Tuesday, September 18, 2012

It's Harvest Time.....

 
For generations here in Northern Maine, potato harvest has been an important part of who we are. Aroostook County, where I live, is also known as the "Potato Empire of the World". Schools are put on hold for 3 weeks once harvest begins, usually from mid September through the first part of October. This means that up here the kids go back to school 3 weeks earlier at the end of summer in order to compensate for the 3 week harvest break. Since the farmers all pay taxes to support our communities, they require the help of the students to bring in their crops.



 
Potato harvest has changed quite a bit since I was young. Way back then they had pickers. I remember all the very cold, early mornings, the long sections and the rotten potatoes that would get all over your gloves. EWW!
 
My father in law driving the tractor about 30 years ago.
 
While I am so glad those days are over, I can tell you that I am so grateful I got to experience it. The potato harvest is a great way for kids to learn what hard work really is, and it builds character. At least thats what my parents always told me. LOL! No really, where else can kids work really hard and earn a lot of money at such a young age? Kids as young as 8 were allowed to pick potatoes and earn money. This money was usually spent on new school clothes, boots, or a new winter jacket. If you were 16 or older you got the pleasure of working on a harvester, and that paid even more money, which back then might have meant a new leather jacket or skis. Whether in the field picking or on the harvester, the days were long and the nights were short, unless you were on the night shift ~ then the opposite was true.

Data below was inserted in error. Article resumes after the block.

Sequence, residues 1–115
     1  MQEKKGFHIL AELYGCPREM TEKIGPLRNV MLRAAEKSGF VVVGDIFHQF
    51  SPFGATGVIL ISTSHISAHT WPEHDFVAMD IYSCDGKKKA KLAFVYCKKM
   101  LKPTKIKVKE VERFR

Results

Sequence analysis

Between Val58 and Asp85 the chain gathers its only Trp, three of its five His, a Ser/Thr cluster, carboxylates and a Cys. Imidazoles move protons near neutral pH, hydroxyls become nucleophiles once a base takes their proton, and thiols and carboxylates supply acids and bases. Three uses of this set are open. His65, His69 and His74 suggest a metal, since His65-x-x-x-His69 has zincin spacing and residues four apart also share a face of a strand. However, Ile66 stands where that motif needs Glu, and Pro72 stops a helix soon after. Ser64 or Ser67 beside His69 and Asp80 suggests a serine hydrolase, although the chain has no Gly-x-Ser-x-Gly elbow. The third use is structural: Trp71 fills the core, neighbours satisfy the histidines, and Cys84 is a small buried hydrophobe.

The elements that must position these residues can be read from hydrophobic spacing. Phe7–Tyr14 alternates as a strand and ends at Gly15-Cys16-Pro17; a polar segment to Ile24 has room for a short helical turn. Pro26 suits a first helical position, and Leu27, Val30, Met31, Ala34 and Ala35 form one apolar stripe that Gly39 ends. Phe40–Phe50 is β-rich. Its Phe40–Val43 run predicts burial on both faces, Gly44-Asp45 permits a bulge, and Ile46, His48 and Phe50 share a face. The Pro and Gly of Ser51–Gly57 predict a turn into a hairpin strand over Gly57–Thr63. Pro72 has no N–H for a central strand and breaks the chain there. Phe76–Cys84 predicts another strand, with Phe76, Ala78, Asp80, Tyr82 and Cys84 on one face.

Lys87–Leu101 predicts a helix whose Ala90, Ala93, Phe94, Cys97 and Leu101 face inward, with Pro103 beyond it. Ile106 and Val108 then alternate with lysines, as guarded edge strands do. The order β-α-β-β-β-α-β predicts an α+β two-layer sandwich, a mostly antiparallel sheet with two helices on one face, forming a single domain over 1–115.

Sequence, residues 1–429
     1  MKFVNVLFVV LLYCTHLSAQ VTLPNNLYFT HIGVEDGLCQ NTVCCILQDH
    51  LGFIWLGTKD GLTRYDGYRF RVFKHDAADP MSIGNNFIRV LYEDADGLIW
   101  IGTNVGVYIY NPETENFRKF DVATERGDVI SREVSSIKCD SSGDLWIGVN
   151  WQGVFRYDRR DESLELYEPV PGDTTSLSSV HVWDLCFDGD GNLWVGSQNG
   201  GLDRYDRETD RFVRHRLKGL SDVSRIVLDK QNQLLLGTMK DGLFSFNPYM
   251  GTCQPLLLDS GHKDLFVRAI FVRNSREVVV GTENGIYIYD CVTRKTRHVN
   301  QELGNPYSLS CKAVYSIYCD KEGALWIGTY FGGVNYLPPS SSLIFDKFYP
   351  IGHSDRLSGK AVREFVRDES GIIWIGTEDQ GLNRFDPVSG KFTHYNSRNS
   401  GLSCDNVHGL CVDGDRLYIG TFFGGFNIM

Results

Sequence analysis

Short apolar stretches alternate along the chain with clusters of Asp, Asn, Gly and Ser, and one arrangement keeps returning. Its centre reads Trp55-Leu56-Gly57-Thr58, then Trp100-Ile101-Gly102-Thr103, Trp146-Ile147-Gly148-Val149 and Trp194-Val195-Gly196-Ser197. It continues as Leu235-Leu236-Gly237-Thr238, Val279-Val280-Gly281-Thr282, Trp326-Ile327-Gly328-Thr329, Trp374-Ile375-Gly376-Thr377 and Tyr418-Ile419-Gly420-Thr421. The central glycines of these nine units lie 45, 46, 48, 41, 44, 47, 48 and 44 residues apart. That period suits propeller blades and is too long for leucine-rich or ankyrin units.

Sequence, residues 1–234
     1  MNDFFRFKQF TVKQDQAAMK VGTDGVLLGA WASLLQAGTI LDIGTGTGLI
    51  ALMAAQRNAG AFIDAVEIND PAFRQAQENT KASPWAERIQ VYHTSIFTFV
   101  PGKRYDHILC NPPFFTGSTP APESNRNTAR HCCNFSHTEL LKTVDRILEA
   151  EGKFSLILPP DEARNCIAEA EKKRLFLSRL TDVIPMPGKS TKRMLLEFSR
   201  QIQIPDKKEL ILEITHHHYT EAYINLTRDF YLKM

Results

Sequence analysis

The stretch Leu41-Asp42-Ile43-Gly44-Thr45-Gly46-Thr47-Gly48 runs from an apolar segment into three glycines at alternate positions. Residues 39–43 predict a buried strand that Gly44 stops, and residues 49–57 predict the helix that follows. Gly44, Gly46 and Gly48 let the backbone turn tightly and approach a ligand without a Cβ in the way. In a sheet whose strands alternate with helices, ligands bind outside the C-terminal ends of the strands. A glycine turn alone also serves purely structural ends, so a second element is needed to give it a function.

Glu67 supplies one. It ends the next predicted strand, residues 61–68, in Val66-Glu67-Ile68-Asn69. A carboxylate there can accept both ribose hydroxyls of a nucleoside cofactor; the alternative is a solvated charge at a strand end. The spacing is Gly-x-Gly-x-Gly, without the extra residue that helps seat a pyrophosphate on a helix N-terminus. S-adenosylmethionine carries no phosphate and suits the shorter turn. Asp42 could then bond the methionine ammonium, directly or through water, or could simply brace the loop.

Breakdowns were a time where you could take a much needed rest, a quick trip to the woods for a bathroom break, or if you had a long section, time to catch up. Hopefully they weren't an all day thing though, because time is money you know!
 
 
Breakdowns could also be a lot of fun, because you got to goof off a bit with your friends. I can remember some of us climbing inside an empty barrel and letting someone roll you around in the field. That's probably illegal today, though. LOL! We'd even have races to see who could run across the potato rows and be the first to reach the edge of the field. So much fun!
 
 
 
 
Today there aren't many small farmers around. The larger corperations have all taken over. The farmers don't require hand picking anymore and some have even gotten rid of harversters that use real people. They have been replaced by huge machines with minds of their own. Technology changes everything, doesn't it?
 
 
 
Many years have gone by since those potato picking days, and believe it or not, I grew up and married the son of a potato farmer. One of the best parts of having married into a farm family is that all three of our sons got to experience what it was like to pick potatoes. I am so glad they did! Our youngest son told us that it made him realize how important education is, because without it, it just means you have to do a lot of manual labor. Just that statement alone made it all worth it!
 
Do you have any potato harvest stories you would like to share? I'd love to hear them!